Gunwale height and rib length


Curious about Wooden Canoes
Two problems I had when I made my birch bark canoe and after trying to fix it.

1) without the ribs in place in the canoe yet, how high do you place the gunwales (ie - how high to raise the inwale frame before clamping them in place)?;

2) how do you determine where to cut the ribs for proper stretching of the bark? (I've read four methods a) in Gidmark's book to cut the ribs at the top of the gunwales; b) videos where the ribs are cut several inches above the gunwales (no details how measurements were taken); c) read instructions to pound the ribs as far as they can go then cut at the top of the guwales; d) read to take a string and measure the outside perimeter of the hull.)

In my first canoe, the inwale height ended at 19" which is pretty high and looks sort of odd as most would be at 14". Also, my ribs were too loose.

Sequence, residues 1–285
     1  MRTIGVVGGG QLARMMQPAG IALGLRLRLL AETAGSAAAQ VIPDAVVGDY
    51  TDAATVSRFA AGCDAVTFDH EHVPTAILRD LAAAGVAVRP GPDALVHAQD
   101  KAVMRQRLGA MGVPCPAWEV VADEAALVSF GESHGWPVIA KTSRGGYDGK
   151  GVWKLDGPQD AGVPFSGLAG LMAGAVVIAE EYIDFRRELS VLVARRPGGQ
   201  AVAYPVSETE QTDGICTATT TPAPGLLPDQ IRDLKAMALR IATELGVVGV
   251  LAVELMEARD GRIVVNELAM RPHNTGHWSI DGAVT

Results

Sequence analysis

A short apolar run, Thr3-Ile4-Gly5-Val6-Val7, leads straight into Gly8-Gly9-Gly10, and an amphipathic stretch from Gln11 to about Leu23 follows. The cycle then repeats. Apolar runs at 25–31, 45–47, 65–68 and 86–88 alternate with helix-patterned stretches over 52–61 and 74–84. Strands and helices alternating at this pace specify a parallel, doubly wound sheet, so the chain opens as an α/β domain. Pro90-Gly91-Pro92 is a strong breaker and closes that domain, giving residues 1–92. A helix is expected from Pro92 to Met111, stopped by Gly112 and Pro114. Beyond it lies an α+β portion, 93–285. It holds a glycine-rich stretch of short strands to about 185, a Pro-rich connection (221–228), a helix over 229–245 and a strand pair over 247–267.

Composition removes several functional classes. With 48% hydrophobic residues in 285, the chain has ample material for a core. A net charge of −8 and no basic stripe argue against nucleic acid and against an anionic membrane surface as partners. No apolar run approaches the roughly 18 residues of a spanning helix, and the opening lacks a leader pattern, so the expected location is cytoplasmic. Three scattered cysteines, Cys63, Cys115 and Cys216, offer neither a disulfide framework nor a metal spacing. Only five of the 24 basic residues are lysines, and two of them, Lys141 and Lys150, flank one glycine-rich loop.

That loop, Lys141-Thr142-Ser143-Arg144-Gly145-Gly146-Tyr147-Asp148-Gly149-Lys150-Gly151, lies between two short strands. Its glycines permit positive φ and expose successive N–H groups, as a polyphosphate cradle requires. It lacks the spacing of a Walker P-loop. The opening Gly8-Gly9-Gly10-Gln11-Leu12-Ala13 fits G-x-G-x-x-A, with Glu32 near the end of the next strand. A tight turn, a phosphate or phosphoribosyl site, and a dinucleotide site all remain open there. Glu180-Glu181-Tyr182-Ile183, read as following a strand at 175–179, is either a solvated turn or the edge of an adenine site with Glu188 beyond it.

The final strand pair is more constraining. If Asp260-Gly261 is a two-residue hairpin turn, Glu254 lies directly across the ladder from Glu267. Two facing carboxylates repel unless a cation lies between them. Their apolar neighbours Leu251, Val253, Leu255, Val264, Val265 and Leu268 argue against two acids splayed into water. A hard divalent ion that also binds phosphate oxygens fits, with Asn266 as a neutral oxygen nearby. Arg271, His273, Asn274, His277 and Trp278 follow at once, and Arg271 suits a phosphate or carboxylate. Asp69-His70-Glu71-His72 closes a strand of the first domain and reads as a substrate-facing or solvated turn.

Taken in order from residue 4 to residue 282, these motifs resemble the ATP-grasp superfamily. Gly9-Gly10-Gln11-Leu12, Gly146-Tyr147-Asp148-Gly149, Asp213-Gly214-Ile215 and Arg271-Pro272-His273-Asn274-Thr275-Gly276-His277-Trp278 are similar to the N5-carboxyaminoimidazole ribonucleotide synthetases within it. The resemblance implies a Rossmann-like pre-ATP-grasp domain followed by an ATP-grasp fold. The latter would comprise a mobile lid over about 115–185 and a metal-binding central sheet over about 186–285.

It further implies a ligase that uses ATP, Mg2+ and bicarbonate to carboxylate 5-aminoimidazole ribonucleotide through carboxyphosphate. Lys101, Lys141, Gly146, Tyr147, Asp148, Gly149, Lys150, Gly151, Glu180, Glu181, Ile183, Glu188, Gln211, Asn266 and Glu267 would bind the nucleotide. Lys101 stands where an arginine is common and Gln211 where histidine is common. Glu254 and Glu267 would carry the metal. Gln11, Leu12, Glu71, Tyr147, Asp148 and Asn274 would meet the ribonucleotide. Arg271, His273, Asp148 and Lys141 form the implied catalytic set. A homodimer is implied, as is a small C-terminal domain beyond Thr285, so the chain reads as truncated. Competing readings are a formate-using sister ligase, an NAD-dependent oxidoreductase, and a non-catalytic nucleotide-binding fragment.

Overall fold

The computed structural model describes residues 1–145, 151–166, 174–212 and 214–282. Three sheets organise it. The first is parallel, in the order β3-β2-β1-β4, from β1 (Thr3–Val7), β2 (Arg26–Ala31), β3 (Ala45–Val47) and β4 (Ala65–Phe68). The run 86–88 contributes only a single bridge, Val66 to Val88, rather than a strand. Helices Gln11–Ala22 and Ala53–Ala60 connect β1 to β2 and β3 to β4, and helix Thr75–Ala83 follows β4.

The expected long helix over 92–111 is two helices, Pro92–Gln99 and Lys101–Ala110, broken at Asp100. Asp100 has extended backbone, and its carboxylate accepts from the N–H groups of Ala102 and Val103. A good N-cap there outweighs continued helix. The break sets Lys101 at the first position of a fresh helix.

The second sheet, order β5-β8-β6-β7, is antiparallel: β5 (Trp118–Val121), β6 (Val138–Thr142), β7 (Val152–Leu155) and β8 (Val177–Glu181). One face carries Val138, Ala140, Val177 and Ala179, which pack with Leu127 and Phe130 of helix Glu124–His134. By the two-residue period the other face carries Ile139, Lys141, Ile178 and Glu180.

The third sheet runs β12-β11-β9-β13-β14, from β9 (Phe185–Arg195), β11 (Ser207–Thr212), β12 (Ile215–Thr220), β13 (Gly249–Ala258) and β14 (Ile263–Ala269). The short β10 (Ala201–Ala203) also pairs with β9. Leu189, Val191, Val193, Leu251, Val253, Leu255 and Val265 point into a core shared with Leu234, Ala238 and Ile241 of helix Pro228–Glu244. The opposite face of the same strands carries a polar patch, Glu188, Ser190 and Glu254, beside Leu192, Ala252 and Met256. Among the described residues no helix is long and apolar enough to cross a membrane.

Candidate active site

I usually set the height at around 11"-12" from the building bed to the top of the gunwales. Then when the canoe pops up while installing the ribs, the finished height is around 13"-14". The finished height can also be controlled by the shape of your ribs. Your canoe appears to have a rather round bottom thus making a deeper canoe.

Rib pressure is very important concerning the bark hull. To much and one takes a chance in splitting the bark. Not enough and you have loose ribs. My goal is to have even tension throughout the entire canoe. I cut the ribs off around a 1/4 " below the top of the gunwale and over the course of a coupe of days of fine tuning the hull the ribs are pounded in to the vertical.
While doing this, I pour hot water over the bark from the outside to keep the bark flexible & also to help stretch the bark. Another point is the roots also stretch in the side bark areas.

Lots of things to consider when building the most difficult wood canoe eh!:cool:


  • Tostig's canoe.jpg
    Tostig's canoe.jpg
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